EP37 – Settle Tumor of Thyroid – A Rare Entity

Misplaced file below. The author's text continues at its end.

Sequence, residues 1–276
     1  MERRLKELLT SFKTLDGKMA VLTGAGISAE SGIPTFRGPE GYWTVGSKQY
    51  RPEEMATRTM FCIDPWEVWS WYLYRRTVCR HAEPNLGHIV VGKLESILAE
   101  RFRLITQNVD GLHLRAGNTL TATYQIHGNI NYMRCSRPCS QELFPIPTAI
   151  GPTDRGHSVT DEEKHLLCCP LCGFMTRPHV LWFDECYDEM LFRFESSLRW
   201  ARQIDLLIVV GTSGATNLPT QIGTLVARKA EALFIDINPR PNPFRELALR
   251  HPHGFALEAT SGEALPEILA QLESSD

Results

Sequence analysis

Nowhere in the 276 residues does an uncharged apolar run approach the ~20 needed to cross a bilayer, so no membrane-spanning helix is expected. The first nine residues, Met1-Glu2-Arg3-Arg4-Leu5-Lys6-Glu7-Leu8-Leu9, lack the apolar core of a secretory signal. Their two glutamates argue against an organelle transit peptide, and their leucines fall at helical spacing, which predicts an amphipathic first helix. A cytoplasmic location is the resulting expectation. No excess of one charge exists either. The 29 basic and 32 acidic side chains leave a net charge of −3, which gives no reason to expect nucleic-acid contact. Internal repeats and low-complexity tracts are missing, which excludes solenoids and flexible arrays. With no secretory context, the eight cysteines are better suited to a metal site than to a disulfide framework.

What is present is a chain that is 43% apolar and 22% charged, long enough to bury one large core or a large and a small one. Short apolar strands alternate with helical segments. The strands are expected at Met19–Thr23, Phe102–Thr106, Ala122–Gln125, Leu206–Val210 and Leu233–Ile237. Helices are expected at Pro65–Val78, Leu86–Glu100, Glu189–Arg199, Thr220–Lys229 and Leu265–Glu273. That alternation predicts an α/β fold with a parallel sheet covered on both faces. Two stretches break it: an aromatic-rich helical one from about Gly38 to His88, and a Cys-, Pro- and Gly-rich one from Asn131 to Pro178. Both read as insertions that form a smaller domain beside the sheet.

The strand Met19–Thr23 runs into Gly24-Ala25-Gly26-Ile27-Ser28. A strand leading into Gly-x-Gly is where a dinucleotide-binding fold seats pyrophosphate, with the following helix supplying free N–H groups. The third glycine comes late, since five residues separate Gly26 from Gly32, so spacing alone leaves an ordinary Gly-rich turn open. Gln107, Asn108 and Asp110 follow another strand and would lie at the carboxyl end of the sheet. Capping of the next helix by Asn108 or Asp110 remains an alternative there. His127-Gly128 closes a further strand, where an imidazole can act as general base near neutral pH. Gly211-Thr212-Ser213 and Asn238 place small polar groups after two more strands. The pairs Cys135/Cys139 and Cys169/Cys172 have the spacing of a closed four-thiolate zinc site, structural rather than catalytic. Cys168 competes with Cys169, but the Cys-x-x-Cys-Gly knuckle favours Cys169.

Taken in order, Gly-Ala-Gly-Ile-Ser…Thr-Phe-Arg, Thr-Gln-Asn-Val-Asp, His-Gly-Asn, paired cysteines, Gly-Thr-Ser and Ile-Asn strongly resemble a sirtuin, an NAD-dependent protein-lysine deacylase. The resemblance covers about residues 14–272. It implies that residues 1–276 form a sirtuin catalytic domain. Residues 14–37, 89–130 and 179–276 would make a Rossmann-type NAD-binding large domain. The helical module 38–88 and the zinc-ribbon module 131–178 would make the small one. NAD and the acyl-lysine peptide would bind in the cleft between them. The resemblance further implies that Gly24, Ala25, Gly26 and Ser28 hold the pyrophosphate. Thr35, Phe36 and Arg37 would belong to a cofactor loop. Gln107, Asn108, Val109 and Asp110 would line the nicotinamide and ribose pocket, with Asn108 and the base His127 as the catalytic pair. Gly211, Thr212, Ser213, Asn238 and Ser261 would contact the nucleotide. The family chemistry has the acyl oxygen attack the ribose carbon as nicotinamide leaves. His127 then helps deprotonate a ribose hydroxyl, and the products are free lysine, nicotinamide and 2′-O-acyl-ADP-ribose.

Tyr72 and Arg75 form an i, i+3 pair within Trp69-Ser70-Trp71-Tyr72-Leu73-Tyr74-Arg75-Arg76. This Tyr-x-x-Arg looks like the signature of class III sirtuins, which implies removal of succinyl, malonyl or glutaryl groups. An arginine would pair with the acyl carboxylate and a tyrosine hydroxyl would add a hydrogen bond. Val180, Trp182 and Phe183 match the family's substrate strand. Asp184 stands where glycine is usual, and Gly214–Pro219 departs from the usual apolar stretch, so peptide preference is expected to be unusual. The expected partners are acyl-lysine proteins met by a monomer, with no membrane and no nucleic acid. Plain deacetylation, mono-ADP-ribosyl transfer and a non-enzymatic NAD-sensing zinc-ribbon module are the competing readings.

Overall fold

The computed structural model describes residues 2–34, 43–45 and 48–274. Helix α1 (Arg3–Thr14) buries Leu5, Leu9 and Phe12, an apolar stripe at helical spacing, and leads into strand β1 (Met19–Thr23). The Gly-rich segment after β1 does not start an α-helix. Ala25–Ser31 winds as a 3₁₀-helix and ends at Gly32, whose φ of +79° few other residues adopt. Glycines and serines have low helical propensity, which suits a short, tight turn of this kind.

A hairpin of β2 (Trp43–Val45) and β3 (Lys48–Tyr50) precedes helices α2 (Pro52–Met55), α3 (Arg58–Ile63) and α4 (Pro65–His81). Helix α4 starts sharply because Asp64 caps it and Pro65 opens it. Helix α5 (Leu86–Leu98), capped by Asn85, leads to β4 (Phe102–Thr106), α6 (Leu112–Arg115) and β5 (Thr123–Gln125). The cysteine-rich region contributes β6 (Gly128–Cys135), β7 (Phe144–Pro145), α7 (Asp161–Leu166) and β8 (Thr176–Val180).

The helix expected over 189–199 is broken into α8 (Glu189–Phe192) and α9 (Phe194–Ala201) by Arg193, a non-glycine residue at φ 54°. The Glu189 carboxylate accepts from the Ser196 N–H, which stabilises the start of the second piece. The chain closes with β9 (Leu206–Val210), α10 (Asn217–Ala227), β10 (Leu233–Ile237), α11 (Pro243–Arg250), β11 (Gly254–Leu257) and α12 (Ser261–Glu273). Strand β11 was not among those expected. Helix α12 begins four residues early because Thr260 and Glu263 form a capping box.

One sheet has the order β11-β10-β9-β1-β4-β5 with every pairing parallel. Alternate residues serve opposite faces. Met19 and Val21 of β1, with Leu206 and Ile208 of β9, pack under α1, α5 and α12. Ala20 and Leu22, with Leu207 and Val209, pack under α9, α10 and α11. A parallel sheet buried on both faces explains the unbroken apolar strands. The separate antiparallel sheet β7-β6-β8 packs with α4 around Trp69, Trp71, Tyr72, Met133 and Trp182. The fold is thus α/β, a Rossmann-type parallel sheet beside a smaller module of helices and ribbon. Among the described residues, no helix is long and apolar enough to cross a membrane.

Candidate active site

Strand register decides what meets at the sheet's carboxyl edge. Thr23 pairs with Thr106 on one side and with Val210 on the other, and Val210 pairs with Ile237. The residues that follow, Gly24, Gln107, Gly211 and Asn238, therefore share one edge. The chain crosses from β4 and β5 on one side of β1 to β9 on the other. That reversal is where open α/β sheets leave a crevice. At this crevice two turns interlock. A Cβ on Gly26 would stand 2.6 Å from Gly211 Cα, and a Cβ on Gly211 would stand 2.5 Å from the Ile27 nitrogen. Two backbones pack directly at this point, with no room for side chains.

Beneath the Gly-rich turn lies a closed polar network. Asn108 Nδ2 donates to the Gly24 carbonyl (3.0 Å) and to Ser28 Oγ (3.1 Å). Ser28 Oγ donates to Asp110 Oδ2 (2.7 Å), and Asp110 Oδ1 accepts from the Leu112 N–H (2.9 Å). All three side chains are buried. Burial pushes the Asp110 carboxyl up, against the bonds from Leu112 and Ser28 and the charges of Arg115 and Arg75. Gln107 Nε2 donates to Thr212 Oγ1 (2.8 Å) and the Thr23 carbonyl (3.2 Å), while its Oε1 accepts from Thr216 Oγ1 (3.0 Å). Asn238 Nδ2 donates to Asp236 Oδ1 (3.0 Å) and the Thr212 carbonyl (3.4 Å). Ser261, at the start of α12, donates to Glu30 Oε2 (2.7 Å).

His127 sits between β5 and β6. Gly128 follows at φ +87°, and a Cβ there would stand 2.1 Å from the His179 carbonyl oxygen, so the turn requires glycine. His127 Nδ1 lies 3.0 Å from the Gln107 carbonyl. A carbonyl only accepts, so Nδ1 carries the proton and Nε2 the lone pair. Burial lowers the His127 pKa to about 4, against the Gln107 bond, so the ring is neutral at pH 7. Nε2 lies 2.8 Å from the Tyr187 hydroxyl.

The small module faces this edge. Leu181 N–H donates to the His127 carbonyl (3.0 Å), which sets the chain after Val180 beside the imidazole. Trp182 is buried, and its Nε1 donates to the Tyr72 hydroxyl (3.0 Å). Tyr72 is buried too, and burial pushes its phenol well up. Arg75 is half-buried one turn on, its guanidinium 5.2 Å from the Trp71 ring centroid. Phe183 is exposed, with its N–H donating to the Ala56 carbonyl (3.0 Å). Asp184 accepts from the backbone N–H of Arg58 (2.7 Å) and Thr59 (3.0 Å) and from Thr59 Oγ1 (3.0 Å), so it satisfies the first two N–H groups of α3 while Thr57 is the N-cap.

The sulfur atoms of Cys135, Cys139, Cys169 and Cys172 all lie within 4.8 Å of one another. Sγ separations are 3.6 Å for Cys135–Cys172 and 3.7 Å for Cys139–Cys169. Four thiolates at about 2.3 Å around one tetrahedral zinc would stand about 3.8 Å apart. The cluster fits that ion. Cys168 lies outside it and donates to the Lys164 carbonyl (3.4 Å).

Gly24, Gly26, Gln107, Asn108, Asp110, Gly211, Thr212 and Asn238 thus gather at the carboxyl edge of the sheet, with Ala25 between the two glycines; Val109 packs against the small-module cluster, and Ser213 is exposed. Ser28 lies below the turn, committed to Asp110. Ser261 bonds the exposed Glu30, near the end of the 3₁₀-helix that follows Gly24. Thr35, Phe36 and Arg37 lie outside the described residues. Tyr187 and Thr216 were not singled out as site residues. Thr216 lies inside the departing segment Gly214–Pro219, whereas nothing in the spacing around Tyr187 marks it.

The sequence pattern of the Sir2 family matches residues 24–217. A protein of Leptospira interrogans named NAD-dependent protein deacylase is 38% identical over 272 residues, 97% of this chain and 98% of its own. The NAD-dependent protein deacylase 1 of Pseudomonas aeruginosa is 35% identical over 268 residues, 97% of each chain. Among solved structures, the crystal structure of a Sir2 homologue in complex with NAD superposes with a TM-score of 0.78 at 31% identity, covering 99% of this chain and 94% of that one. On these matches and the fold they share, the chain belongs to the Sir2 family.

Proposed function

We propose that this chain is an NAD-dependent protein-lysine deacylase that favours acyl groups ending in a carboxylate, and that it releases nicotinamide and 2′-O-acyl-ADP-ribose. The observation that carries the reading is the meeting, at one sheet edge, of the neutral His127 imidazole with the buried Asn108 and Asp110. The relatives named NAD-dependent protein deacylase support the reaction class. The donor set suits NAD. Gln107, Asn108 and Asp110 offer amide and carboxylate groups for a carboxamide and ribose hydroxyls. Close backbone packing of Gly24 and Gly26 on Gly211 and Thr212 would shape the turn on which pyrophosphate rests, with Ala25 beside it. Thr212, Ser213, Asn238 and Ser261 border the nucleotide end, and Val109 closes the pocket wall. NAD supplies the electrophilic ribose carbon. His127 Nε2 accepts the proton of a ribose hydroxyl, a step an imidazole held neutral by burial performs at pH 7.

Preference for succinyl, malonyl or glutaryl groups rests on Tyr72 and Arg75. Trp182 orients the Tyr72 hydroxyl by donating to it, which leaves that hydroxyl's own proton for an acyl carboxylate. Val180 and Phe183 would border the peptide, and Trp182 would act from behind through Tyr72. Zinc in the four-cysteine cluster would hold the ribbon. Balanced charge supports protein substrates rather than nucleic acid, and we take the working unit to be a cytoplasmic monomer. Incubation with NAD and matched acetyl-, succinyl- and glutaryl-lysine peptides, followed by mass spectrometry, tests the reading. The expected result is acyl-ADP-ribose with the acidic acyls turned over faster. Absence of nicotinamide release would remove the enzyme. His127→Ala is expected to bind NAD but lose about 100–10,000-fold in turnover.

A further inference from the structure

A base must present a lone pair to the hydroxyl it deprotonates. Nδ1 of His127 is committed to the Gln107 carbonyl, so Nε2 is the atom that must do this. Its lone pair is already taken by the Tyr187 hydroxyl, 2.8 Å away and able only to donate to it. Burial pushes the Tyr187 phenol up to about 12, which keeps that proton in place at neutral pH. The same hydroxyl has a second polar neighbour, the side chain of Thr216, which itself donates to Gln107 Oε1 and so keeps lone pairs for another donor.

Kannan, Subramanian4; Nandini, Hamsa2;Akhila,Lakshmikantha3; Shetty, Vivek4; Kothandaraman, Srikamakshi2; Yadav, Vishal2; Kuriakose, Moni Abraham4; Chandrasekhar, Naveen Hedne4; Pillai, Vijay4 1 Consultant, Department of Endocrinology, Narayana Health City, Bangalore, India 2 Fellow, Department of Head and Neck Surgical Oncology, Narayana Health City, Bangalore, India 3 Consultant, Department of Pathology, Narayana Health City, Bangalore, India 4 Consultant, Department of Head and Neck Surgical Oncology, Narayana Health City, Bangalore, India   Background: Spindle epithelial tumor with thymus like differentiation (SETTLE) tumors of thyroid are rare. Case report: A 66 year old gentleman with coronary artery disease presented with a right sided neck mass which was present for more than ten years but he noted considerable increase in size for past two years. Initial core biopsy of the neck mass was reported as a spindle cell tumor. Neck ultrasound revealed a large hypoechoic mass with irregular borders and multiple areas of macrocalcifications. There were no suspicious lymph nodes. Serum calcitonin and serum carcinoembryonic antigen were normal. CT scan showed a mass infiltrating the right lobe of thyroid, encasing the right common carotid artery and brachiocephalic vessels with tumor embolus in right IJV and SVC. The patient underwent right hemithyroidectomy, mass excision and coronary artery bypass grafting. Results: The gross pathology showed a fleshy, nodular, soft to firm tumor involving the entire right thyroid lobe. On microscopy there were sheets of bland tumor cell spindle shaped with oval elongated nucleus, inconspicuous nucleoli, ill defined cytoplasmic borders. Mitotic figures are very rare but multiple foci of calcifications were seen. Admixed were few glandular areas lined by low cuboidal epithelium with central eosinophilic material admixed are very a few mature lymphocytes consistent with the diagnosis of SETTLE. At 4 months post treatment, the patient is doing well with no evidence of locoregional or distant disease. Long term follow-up is mandatory due to their propensity for late distant metastasis. Conclusion: We report the oldest case of SETTLE tumor of the thyroid.


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